One of the important aspects in the conception that the Bolivarian leader implemented is the presence of the militia in the key facets of national development, hence it is organized in each field, university, factory or neighborhood.
It is a strategic military concept, but also a social and political one, for the comprehensive defense of the nation, as important as the anti-aircraft defense system or the naval fleet, based on the voluntary participation of citizens, in their responsibility to defend social guarantees.
The organization and incorporation of the “people in arms” into national defense seeks comprehensiveness in the preservation of sovereignty and peace in the territory.
“It is the people in arms, the war of all the people (…) We have no plans to attack, but we are going to turn Venezuela into a country capable of defending every last inch of the territory and for that the participation of the people is important,” Chavez explained on that occasion.
Growing expression of organized people
The Bolivarian National Militia, which has its own General Command and its respective General Staff, depends operationally on the Strategic Operational Command linked to the FANB’s chief command (CEOFANB).
It is made up of the National Reserve, made up of all Venezuelan citizens who are not in active military service and of the militias themselves, made up of the Territorial Militia and the Combatant Corps. Its basic element is the Popular Unit for Comprehensive Defense (UPDI).
The members of the Territorial Militia gather on weekends to receive military training, during the week they carry out various activities and can be summoned to muster if necessary in the face of other extraordinary occasions or emergencies.
The so-called Rural or Peasant Militia is part of it, whose arms and equipment differ from the rest of the force. The leadership of each Territorial Militia is made up of officers trained within the militia and reservists.
The Combatant Corps are formed by workers or retirees from certain public bodies and public or private companies, they are in charge of ensuring their integrity and operability with a minimum of personnel. They muster once a month.
On January 29, 2020, the National Constituent Assembly (ANC) approved the Constitutional Law of the Bolivarian National Armed Force (FANB) promoted by President Nicolás Maduro since November 2019.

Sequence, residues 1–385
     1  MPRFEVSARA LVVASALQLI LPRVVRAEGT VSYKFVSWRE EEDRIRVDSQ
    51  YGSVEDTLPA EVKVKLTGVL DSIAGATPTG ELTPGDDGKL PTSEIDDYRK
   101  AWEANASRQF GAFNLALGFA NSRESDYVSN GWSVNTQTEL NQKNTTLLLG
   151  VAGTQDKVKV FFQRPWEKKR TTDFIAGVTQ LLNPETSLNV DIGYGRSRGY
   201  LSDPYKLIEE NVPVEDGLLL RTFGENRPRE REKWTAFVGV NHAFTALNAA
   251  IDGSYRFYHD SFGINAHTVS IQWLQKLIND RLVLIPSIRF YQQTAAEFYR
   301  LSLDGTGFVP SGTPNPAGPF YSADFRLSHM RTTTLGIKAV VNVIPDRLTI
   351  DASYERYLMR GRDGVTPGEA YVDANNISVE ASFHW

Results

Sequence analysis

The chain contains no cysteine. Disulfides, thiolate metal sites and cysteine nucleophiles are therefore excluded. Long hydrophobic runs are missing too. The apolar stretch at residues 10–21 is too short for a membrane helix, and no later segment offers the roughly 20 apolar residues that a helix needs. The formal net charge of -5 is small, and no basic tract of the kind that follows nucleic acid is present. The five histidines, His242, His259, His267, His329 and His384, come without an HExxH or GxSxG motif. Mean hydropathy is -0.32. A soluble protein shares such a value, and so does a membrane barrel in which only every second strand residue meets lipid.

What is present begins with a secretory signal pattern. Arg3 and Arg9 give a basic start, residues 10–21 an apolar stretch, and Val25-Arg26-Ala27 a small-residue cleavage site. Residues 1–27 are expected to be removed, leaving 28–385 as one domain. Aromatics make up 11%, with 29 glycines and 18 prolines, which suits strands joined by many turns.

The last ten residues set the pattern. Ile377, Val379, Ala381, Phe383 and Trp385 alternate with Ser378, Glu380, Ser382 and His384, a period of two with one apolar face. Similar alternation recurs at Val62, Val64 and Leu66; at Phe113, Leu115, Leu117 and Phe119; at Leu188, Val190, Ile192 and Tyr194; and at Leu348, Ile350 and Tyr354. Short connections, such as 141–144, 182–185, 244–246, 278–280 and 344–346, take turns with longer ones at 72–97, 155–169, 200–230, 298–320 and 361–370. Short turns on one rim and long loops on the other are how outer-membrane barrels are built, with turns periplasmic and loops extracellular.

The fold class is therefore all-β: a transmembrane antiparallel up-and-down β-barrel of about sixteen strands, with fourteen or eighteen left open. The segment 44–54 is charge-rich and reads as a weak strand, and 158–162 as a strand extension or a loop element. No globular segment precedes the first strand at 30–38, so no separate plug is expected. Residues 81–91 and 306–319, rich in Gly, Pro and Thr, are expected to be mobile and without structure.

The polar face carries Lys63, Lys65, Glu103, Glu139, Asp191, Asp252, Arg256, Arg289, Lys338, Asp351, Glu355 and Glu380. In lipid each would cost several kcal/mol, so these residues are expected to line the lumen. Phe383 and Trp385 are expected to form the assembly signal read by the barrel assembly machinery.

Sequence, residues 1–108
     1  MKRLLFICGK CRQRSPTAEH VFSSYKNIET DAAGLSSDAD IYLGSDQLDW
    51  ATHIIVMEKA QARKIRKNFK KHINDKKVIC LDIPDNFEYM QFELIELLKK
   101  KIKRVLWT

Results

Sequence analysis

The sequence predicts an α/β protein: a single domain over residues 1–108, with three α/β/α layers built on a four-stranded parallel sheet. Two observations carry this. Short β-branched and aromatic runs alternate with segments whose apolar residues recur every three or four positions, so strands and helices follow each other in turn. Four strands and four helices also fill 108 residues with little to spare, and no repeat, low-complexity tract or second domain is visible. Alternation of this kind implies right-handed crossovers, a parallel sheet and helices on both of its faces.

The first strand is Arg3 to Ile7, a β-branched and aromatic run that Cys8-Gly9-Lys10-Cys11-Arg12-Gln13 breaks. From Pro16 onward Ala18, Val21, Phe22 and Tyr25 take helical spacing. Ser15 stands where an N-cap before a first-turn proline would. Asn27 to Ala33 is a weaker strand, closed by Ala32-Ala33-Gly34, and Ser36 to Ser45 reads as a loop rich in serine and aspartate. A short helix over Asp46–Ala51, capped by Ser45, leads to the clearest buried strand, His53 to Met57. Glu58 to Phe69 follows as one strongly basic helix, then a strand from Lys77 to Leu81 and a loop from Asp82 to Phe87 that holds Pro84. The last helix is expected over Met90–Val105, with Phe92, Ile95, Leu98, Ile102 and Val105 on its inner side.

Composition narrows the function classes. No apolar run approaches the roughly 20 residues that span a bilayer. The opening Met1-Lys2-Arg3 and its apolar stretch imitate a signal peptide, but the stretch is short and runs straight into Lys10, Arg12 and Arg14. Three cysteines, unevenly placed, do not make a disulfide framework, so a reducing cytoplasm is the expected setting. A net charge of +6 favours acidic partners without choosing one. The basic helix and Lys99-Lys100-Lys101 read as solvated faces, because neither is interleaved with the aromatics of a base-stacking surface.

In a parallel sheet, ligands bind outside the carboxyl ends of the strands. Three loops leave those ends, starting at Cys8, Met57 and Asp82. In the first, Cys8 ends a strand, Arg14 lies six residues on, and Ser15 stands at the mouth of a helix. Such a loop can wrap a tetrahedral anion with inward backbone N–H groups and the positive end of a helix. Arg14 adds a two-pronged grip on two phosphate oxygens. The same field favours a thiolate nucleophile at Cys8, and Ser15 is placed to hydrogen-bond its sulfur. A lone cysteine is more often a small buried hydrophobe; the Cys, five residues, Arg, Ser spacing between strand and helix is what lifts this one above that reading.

In this regard, the Minister of Defense, Vladimir Padrino López, stressed that “it has incorporated new concepts, such as the Territorial Defensive System, Integral Defense and the Civic-Military Union; the latter is not a cliché, it is a principle, the basis of co-responsibility to guarantee national freedom and independence.”
With this he alluded to article 59 of the law that incorporates the Bolivarian Militia as a component of the FANB (made up until then by the Army, Navy, Aviation and National Guard). So now the FANB is made up of the Army, Navy, Aviation, National Guard and the Bolivarian Militia.
Last April, the Militia reached 4 million 156 thousand 567 militiamen and women registered, incorporated and trained under the Tactical Method of Revolutionary Resistance. They are deployed throughout the national territory in 1,165 Popular Groups of Integral Defense (APDI), 14,383 Popular Bases of Integral Defense (BPDI) and 50,459 Popular Units of Integral Defense (UPDI).
Moralization and backlash
A town like Chuao, which has endured 400 years of attempts at domination and acculturation, is today the center of attention of the Venezuelan anti-imperial struggle and is highly symbolic. In this case, the common enemy for civilians and the military is the one who renounced politics and the peaceful exercise of rights in favor of aggression and the seizure of rights from a country under siege.
Transnational elites do not have an armed force kneeling at the foot of their interests in Venezuela, so they resort to hiring mercenaries for their assassination and coup objectives that a brave community has peacefully but firmly neutralized.
The episodes that have placed the Venezuelan population at the forefront of events, based on popular intelligence and organization, have once again revealed that the Chavista conception of the “people in arms” is not mere rhetoric but a doctrine on the praxis capable of dismantling attempts at political and military destabilization against the country.
Featured image: A Chuao fisherman gun in hand ordering the mercenaries to surrender. Mercenaries in the boat hands up Photo: Twitter
Translated by JRE/EF